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Wednesday, 5 pm CET, i.e, 11 am EDT

 

Organized by David Hansel & Carl van Vreeswijk, CNRS,  France

 

About the Seminar

WWTNS is a weekly digital seminar on Zoom targeting the theoretical neuroscience community. Its aim is to be a platform to exchange ideas among theoreticians. Speakers have the occasion to talk about theoretical aspects of their work which cannot be discussed in a setting where the majority of the audience consists of experimentalists. The seminars  are 45 min long followed by a discussion and are held on Wednesdays at 5 pm in Western Europe, i.e, 11 am EST. The talks are recorded with authorization of the speaker and are available to everybody on our YouTube channel.

 

To participate in the seminar you need to fill out a registration form after which you will

receive an email telling you how to connect.

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Tahra Eissa

University of Colorado Boulder

December, 1, 2021

Suboptimal human inference inverts the bias-variance trade-off for decisions with asymmetric evidence

Solutions to challenging inference problems are often subject to a fundamental trade-off between bias (being systematically wrong) that is minimized with complex inference strategies and variance (being oversensitive to uncertain observations) that is minimized with simple inference strategies. However, this trade-off is based on the assumption that the strategies being considered are optimal for their given complexity and thus has unclear relevance to the frequently suboptimal inference strategies used by humans. We examined inference problems involving rare, asymmetrically available evidence, which a large population of human subjects solved using a diverse set of strategies that were suboptimal relative to the Bayesian ideal observer. These suboptimal strategies reflected an inversion of the classic bias-variance trade-off: subjects who used more complex, but imperfect, Bayesian-like strategies tended to have lower variance but high bias because of incorrect tuning to latent task features, whereas subjects who used simpler heuristic strategies tended to have higher variance because they operated more directly on the observed samples but displayed weaker, near-normative bias. Our results yield new insights into the principles that govern individual differences in behavior that depends on rare-event inference, and, more generally, about the information-processing trade-offs that are sensitive to not just the complexity, but also the optimality of the inference process.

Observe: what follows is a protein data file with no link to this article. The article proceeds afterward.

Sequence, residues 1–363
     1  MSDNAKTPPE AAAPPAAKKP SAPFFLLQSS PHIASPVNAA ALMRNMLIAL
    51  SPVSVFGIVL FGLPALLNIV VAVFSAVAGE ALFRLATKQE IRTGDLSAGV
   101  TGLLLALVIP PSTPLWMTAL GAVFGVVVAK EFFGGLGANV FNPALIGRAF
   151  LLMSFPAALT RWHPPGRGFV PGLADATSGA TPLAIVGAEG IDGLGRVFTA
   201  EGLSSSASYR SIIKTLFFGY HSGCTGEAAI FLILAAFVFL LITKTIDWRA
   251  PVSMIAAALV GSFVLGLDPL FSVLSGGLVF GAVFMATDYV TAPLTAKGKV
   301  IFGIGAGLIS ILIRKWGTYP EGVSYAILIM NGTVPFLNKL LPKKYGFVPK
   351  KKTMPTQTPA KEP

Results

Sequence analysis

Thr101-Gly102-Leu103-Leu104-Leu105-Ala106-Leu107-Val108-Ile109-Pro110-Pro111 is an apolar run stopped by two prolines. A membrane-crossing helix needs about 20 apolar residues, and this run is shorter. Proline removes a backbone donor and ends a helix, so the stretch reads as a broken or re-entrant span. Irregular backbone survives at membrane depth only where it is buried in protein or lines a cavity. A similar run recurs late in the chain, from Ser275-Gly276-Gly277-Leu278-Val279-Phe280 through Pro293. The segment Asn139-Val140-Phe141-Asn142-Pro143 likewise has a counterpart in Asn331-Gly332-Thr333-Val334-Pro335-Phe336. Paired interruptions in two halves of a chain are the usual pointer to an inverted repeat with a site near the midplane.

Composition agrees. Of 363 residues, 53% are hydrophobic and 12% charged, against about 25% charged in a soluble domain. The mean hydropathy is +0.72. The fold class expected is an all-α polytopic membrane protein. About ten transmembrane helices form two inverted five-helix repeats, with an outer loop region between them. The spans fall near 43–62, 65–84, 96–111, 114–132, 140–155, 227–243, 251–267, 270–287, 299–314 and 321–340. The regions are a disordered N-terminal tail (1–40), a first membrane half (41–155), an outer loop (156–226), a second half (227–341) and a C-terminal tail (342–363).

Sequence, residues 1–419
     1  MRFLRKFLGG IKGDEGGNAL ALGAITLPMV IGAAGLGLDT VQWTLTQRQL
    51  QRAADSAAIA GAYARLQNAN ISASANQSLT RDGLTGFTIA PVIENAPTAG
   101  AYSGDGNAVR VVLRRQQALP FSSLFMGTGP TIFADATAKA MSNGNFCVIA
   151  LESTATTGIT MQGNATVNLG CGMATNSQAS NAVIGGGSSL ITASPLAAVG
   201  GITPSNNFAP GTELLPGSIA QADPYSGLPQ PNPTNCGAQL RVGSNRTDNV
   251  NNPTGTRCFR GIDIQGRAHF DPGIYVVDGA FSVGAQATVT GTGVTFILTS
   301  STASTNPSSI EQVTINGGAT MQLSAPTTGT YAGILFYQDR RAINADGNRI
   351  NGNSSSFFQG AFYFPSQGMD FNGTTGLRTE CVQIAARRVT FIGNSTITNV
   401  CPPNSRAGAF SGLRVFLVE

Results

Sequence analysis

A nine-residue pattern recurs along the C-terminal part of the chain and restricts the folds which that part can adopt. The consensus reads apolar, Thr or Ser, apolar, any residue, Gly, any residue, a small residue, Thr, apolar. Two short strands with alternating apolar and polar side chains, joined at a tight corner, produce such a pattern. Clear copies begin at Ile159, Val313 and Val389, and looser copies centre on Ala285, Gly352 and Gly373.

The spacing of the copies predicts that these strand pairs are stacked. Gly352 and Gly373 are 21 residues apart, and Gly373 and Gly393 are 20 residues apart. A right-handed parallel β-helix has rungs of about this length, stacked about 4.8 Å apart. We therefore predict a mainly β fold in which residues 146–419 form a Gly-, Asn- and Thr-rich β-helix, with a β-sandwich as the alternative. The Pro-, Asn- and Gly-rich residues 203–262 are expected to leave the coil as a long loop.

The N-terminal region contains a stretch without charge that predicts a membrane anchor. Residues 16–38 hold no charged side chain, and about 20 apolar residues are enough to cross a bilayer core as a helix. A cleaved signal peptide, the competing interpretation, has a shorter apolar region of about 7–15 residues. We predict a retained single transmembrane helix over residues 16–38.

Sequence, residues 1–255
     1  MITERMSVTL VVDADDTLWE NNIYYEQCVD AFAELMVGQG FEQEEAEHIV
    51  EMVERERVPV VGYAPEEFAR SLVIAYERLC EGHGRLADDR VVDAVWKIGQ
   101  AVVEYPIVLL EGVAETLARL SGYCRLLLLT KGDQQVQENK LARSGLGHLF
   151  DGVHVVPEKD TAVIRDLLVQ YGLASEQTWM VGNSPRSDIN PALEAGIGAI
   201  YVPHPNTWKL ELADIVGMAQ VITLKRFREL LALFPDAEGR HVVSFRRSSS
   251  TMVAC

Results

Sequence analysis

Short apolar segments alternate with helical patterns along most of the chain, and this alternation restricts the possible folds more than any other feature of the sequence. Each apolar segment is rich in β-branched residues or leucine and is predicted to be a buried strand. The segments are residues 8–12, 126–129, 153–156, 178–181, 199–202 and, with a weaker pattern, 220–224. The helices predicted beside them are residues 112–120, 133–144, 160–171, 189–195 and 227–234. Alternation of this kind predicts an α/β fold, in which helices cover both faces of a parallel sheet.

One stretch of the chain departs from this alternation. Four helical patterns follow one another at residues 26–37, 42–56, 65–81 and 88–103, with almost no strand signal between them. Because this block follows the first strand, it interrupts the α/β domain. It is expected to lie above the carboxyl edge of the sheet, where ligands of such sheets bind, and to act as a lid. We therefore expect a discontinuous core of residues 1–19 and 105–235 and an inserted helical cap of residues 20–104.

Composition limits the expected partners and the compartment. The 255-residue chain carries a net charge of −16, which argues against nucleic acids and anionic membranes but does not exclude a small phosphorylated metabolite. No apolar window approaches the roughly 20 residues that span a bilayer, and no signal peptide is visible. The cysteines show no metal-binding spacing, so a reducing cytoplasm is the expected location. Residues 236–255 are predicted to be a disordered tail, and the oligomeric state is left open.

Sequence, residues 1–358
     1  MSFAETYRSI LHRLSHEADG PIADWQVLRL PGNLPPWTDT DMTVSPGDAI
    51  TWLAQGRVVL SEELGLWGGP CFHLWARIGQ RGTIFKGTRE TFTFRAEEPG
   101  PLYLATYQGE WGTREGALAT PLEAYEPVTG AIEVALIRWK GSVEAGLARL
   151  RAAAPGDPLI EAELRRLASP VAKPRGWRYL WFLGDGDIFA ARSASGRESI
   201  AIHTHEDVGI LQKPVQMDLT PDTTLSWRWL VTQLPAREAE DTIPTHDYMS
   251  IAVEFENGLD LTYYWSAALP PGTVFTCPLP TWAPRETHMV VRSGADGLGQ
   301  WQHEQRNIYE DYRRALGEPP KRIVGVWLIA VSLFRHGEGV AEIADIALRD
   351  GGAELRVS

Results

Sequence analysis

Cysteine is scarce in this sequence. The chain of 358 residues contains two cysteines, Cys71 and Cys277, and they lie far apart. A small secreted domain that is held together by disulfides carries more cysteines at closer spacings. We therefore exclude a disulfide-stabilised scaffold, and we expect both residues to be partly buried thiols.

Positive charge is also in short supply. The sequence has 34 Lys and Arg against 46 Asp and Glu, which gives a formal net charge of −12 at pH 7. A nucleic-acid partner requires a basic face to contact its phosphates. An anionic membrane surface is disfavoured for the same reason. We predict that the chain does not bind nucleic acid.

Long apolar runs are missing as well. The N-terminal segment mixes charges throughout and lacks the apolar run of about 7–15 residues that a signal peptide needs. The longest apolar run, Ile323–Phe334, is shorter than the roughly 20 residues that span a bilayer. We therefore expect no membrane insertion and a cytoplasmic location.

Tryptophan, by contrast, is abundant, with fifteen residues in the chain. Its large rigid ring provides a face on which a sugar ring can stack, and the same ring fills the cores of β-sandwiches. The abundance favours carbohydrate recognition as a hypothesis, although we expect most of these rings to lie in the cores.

Organizers

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David Hansel

I am a theoretical neuroscientist at the National Center for Scientific Research in Paris, France and visiting professor at The Hebrew University in Jerusalem, Israel. I am mainly interested in the recurrent dynamics in the cortex and 

basal ganglia.

Carl van Vreeswijk

I am a theoretical neuroscientist working at the National Center for Scientific Research in Paris, France. My main interest is the dynamics of recurrent networks of neurons in the sensory system

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